Particular topics: companies in partnership: investment partnerships
There cannot be a partnership without a ‘business’. Most partnerships carry on a trade or profession. But it is possible for an activity not to amount to a trade or profession and still be within the definition of ‘business’ in the Partnership Act 1890. Property and investment management, carried on as a commercial venture, may fall into this narrow category. Such partnerships are sometimes known as ‘investment partnerships’. The rules set out at CTM36510 should be used to calculate the tax liability of company members of an investment partnership. For further guidance on what constitutes a ‘business’ in the field of property investment see PIM1030.
Limited partnerships have become more common since 1987, when the British Venture Capital Association (BVCA) published guidelines on how they might be used as investment funds. They are almost always company partnerships. The relevant parts of the BVCA guidelines are reproduced below at CTM36580. More detailed notes on the taxation of these investment partnerships may be obtained from CTIS (Technical).
The business of these partnerships is the making and managing of investments. Although they are partnerships and the taxation rules apply on that basis, the limited partners probably regard the scheme as a form of unit trust or other investment fund. They put up capital for investment in a number of unquoted companies on their behalf. They expect to pay to have the fund managed, so they let the general partner take a share of the income and gains in excess of their or its contribution of capital.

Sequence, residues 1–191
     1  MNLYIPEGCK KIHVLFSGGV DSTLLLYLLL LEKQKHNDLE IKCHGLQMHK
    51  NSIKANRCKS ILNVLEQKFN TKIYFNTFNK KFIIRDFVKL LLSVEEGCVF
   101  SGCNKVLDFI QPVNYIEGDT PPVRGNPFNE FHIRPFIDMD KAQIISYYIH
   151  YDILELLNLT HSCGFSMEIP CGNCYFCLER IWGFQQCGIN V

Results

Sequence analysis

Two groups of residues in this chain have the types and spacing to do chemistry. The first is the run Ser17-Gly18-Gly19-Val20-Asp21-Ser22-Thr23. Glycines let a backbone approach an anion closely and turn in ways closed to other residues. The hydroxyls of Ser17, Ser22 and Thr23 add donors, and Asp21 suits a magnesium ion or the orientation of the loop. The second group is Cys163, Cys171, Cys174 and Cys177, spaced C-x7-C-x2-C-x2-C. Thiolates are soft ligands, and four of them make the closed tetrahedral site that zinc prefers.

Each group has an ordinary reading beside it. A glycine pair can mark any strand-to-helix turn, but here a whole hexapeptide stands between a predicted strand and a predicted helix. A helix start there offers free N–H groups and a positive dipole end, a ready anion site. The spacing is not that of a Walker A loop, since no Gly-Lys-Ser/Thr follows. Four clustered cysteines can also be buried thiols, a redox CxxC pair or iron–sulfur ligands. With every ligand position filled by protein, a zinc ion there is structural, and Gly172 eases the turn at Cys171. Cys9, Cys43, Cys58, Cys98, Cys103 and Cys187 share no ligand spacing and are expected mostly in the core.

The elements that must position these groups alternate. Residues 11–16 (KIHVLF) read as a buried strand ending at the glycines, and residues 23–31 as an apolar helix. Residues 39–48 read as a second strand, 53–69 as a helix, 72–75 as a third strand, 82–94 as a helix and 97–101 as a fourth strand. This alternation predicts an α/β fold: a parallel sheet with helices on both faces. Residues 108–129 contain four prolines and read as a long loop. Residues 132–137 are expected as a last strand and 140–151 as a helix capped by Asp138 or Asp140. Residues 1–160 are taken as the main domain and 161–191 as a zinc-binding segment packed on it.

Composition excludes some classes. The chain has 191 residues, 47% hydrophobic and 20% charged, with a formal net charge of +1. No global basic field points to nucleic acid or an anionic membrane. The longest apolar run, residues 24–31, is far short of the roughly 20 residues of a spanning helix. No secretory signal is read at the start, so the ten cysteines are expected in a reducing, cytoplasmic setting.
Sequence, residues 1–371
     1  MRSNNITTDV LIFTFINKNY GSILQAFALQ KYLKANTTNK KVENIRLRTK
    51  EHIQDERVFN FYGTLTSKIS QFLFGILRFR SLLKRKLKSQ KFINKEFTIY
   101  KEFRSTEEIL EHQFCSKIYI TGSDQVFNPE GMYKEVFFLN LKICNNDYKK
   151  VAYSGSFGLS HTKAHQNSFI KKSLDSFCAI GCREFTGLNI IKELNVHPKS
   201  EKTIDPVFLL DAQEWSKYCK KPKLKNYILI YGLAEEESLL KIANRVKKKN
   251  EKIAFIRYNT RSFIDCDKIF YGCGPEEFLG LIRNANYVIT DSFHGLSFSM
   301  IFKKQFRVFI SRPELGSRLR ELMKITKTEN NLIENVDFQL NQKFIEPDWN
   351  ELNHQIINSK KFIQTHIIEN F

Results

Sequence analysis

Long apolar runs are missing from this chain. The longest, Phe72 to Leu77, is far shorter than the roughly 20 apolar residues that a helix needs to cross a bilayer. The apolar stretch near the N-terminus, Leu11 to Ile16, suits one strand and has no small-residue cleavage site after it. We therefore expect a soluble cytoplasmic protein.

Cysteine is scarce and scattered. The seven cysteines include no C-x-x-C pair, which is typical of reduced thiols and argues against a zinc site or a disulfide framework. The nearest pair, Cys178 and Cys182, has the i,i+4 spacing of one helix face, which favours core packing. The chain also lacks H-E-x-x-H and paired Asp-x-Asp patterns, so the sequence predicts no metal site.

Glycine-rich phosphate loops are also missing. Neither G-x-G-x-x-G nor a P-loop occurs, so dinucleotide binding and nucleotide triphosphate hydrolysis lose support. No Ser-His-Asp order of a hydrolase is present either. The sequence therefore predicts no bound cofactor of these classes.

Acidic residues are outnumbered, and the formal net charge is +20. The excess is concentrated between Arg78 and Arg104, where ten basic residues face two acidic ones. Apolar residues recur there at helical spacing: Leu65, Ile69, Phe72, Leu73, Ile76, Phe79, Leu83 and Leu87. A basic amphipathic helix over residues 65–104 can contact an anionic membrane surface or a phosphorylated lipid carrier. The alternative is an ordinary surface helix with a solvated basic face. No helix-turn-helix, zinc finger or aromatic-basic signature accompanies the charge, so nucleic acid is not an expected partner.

If this were an ordinary investment fund, and not a partnership, the general partner would be the fund manager and its share of the partnership profits would be the annual percentage management fee. A feature of these partnerships is that in years when the profits are too low to meet the general partner’s guaranteed profit share, the general partner will probably take an interest free loan from the capital accounts of the other partners. Such a loan is not regarded as taxable income in the hands of the general partner. The loan will be repaid out of its share of future partnership profits and the general partner will be taxed on it at that stage.